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ABSTRACT: A rapid sandwich enzyme-linked immunosorbent assay (ELISA)-based in vitro diagnostic (IVD) procedure has been developed for human fetuin A (HFA), an important disease biomarker for inflammatory diseases as well as malignancies. In this simplified and cost-effective procedure, the EDC-activated anti-HFA antibody (Ab) was admixed with 1% (v/v) 3-aminopropyltriethoxysilane (APTES) in 1:1 (v/v) and dispensed in a KOH-pretreated microtiter plate (MTP). APTES formed a stable complex with the capture antibody that was in turn covalently bonded on the KOH-treated surface in 30min. The resulting immunoassay (IA) format detects HFA with a dynamic range of 0.1-243ngmL(-1), and a limit of detection (LOD) and analytical sensitivity of 0.3ngmL(-1) and 1.0ngmL(-1), respectively. For the determination of HFA spiked in diluted human whole blood and serum, and HFA in ethylenediaminetetraacetic acid (EDTA)-plasma of patients, the obtained analytical precision is similar to that of the conventional sandwich ELISA. The anti-HFA Ab-bound MTPs, stored at 4°C in 0.1M PBS, pH 7.4, retained its biological activity for 8 weeks, thereby demonstrating excellent storage stability. This generic sandwich ELISA procedure can be extended for rapid, simplified and cost-effective detection of other disease biomarkers.Biosensors & Bioelectronics 07/2014; 67. DOI:10.1016/j.bios.2014.06.058 · 6.45 Impact Factor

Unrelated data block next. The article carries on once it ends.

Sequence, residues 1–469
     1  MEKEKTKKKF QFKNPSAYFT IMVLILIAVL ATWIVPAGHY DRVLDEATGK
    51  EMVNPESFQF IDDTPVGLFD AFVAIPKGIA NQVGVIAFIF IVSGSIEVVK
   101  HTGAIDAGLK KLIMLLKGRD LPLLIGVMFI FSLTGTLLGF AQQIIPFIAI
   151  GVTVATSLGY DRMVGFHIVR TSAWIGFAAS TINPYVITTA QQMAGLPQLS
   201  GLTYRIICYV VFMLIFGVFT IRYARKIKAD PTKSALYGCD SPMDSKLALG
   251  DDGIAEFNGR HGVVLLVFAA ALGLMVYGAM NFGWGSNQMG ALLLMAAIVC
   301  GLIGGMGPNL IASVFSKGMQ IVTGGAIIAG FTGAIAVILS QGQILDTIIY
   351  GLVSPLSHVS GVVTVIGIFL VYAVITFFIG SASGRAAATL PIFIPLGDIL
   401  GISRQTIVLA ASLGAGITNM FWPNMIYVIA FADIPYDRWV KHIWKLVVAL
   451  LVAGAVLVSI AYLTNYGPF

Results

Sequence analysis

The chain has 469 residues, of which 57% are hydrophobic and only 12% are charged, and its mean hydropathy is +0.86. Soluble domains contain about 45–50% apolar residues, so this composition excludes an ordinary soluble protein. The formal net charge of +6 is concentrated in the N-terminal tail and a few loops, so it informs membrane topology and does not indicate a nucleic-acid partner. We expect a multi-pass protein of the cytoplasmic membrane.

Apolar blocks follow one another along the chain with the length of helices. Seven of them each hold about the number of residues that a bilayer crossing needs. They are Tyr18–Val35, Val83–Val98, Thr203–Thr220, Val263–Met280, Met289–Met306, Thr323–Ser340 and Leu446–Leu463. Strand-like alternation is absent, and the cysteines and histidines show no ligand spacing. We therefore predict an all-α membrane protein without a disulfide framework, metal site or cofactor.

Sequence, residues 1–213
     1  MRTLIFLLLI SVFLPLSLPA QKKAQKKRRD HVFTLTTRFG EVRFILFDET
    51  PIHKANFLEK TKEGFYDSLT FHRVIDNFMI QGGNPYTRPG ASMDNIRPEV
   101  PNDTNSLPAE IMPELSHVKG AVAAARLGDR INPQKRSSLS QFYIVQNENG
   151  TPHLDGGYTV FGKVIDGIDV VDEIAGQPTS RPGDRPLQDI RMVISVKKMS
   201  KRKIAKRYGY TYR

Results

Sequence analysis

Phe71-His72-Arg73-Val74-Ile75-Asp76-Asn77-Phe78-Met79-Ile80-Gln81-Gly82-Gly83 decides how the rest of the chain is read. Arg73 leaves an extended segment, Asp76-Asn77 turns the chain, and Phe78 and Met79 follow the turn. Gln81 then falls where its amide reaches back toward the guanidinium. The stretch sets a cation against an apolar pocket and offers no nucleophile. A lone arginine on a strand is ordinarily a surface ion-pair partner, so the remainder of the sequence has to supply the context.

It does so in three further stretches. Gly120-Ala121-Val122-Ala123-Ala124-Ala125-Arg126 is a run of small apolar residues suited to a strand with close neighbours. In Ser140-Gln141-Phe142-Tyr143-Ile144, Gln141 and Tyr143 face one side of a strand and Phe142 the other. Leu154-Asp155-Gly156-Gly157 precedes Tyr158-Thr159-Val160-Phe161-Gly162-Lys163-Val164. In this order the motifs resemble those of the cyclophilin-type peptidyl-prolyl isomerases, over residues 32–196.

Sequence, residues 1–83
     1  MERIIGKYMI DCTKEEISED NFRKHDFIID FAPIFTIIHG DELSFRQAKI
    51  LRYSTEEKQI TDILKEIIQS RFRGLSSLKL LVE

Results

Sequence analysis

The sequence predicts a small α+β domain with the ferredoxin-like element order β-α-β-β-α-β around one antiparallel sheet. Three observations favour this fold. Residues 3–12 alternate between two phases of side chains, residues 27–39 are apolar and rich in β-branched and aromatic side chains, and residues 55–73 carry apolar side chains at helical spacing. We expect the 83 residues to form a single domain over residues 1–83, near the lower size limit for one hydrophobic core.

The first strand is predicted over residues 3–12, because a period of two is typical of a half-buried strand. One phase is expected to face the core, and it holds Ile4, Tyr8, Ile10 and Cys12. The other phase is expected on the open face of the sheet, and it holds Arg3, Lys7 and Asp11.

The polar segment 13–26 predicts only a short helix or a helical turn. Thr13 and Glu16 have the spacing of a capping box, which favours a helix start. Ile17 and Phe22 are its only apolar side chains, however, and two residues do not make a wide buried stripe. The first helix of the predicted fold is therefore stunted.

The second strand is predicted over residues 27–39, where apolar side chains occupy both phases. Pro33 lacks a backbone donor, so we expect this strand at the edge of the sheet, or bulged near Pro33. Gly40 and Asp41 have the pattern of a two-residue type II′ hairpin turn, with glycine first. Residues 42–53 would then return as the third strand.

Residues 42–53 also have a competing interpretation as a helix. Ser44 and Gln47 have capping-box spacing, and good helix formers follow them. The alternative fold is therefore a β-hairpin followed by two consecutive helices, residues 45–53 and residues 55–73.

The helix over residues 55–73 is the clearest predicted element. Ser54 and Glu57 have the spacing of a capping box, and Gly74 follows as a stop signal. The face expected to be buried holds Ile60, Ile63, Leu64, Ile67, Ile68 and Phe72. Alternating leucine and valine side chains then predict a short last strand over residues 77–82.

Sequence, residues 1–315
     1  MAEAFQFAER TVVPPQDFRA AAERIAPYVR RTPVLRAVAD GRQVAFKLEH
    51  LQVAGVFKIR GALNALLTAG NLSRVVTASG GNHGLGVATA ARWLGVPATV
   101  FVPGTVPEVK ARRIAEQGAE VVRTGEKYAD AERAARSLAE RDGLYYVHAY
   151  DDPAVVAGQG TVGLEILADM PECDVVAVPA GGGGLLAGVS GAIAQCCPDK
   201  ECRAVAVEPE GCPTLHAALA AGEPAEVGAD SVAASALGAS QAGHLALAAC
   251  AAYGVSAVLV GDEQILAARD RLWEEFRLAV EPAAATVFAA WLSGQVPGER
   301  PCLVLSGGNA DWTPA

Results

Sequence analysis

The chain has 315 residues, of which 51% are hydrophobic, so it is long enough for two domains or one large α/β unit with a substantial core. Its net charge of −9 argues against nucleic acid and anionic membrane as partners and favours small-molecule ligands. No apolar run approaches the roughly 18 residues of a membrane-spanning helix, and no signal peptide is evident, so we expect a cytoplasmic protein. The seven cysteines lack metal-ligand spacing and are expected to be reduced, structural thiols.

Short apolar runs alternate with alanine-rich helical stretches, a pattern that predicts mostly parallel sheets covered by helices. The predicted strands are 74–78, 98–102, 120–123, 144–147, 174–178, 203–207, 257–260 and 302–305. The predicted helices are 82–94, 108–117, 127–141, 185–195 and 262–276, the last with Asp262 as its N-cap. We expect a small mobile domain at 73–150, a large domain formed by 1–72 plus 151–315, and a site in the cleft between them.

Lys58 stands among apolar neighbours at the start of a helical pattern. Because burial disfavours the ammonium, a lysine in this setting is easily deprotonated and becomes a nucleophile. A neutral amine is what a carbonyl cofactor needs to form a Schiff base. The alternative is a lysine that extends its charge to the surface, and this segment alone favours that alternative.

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ABSTRACT: To assess the serum fetuin A concentration as a potential marker of subclinical atherosclerosis in obese children with NAFLD. A prospective analysis of 45 obese children initially diagnosed with liver pathology (elevated serum ALT activity and/or ultrasonographic liver brightness and/or hepatomegaly) was conducted. The diagnosis of NAFLD was established in the children with elevated serum ALT activity and liver steatosis on ultrasound examination. Viral hepatitis, autoimmune, metabolic liver diseases (Wilson disease, alpha-1-antitrypsin deficiency, cystic fibrosis) and drug and toxin-induced liver injury were excluded in all children. The degree of liver steatosis was graded according to Saverymuttu scale and the total liver lipids concentration was assessed using proton magnetic resonance spectroscopy ((1)H MRS). Serum fetuin A concentration was significantly higher in examined children compared to the control group (n=30) (p=0.00002). Higher serum fetuin A concentration was also observed in children with NAFLD (n=19) in comparison to the controls (p=0.000026). Additionally, higher BMI values, waist circumferences, ALT and GGT activity, intensity of liver steatosis on ultrasound and total concentration of lipids in the liver in (1)H MRS were found in children with NAFLD compared to the rest of the examined obese patients (n=26). There was not found any correlation of the investigated glycoprotein with any other assessed parameters both in children with NAFLD and obese children without NAFLD. Higher serum fetuin A concentration found in children with NAFLD compared to the control group support the hypothesis that atherosclerotic processes may develop faster in hepatopatic obese patients.Advances in Medical Sciences 03/2014; 59(1):81-4. DOI:10.1016/j.advms.2013.08.003 · 0.80 Impact Factor